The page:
By CHARLES FERRUZZA
Steve Cole isn't just a local legend because he's a polished restaurateur, but also because of his style -- he can be a tough taskmaster, a true perfectionist. That's one of the reasons that his former restaurant, Café Allegro, was considered Kansas City’s most glamorous bistro for nearly twenty years. The food was exquisite, the appointments were beautiful, the service was elegant.
Well, not all the service: In the late 1980s, I occasionally worked for Cole as a freelance waiter when his restaurant operated the upscale concession areas at the Lyric Theatre. Mary Simpson, now a regional director for Rare Hospitality, was Café Allegro’s manager in those days and I could never put enough starch in my aprons to please her. And I ate a lot of the dainty pastries that I was supposed to be selling.
After Cole sold Cafe Allegro in 2002, he didn’t jump right back in the restaurant game. He did some consulting work for other restaurants but was best-known for handling commercial real estate deals for restaurant and hospitality locations.
Last month, he took on a new challenge when veteran hotel operator Kevin Pistilli hired him as the food and beverage director for the Kansas City Downtown Marriott. Before taking the job, Cole had been working as a consultant on various projects with Pistilli. That included creating potential new concepts for the historic Muehlebach Hotel’s long-closed Rendezvous Room and its somewhat forlorn coffee shop, the Pam Pam Room.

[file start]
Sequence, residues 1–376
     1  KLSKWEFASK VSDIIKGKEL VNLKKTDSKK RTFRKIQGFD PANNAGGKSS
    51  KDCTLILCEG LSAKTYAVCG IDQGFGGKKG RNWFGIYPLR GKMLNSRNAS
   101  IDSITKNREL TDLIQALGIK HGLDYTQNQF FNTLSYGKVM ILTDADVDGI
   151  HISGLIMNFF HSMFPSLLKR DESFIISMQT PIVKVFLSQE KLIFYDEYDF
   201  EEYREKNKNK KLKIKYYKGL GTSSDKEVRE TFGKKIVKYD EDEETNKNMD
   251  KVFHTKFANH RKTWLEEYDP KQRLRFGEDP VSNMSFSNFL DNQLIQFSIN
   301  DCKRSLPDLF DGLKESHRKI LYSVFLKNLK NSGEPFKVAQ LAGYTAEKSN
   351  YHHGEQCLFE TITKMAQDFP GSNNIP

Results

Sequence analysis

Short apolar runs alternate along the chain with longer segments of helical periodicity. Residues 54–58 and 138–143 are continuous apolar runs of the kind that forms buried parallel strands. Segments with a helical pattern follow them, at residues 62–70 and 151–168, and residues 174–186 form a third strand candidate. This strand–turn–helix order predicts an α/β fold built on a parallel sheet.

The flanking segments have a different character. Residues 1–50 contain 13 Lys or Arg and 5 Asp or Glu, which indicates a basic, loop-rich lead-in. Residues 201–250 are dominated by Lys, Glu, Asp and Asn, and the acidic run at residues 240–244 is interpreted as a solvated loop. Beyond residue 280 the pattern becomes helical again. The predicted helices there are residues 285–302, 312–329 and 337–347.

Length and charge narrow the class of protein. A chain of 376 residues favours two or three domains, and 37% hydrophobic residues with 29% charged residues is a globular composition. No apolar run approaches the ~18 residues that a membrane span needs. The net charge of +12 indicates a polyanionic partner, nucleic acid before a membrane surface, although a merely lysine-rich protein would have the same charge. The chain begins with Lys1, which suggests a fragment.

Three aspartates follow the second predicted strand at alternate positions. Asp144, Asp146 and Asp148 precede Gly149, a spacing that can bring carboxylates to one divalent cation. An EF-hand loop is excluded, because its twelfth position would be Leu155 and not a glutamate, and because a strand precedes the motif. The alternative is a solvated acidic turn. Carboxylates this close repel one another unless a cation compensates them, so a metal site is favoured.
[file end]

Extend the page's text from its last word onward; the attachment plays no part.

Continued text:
I’ve never been shy about expressing my overwhelmingly negative opinion about the Pam Pam Room -- or the equally awful Lilly’s Restaurant in the Marriott across the street. So I asked Cole about his plans for those two sad little venues.
“We haven’t addressed the future of the Pam Pam yet,” Cole said. “But Lilly’s is definitely going to be changed. It’s part of the major renovation planned for the Marriott lobby next spring.”
That enormous lobby will be reconfigured with what Cole calls a dramatic bar -- a gathering space for espresso and a light breakfast in the mornings, then a “day-night” bar serving stylish lunches and dinners. As for Lilly’s, Cole promised an entirely new concept, a new name, different food and an outdoor terrace.
“It’s a challenge,” he said, “but an exciting one. I’m enjoying this job more every day. In fact, my wife Julie even noticed that I’ve been looking very happy since I started.”
Cole said he might let me be one of the first guests to eat breakfast in the new Lilly’s – or whatever it’s called – when it opens in 2009. At least I won’t have to wear a starched apron.